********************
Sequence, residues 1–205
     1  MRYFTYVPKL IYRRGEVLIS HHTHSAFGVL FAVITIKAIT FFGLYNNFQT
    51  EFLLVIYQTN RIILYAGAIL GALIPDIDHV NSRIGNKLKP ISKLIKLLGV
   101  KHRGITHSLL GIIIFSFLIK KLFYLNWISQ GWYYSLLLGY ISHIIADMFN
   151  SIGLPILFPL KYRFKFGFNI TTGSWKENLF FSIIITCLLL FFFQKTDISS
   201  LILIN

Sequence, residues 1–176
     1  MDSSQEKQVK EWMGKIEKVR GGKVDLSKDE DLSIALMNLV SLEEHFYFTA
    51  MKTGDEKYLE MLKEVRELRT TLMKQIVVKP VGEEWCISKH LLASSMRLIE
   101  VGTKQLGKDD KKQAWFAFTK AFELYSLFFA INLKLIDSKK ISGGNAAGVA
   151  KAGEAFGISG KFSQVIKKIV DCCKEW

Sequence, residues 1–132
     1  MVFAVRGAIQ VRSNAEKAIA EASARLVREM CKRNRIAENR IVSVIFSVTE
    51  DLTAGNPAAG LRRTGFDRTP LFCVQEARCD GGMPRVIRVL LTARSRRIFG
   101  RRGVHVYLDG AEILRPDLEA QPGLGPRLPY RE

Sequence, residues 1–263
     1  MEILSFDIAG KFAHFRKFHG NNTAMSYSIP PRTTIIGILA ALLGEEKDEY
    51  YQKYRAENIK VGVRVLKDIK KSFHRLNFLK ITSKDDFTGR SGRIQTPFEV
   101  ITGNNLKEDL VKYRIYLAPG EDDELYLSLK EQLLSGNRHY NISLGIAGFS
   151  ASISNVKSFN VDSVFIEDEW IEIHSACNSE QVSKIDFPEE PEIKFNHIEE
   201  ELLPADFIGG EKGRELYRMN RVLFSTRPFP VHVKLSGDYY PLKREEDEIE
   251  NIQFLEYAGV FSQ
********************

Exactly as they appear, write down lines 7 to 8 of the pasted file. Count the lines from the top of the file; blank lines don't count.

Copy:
Sequence, residues 1–176
     1  MDSSQEKQVK EWMGKIEKVR GGKVDLSKDE DLSIALMNLV SLEEHFYFTA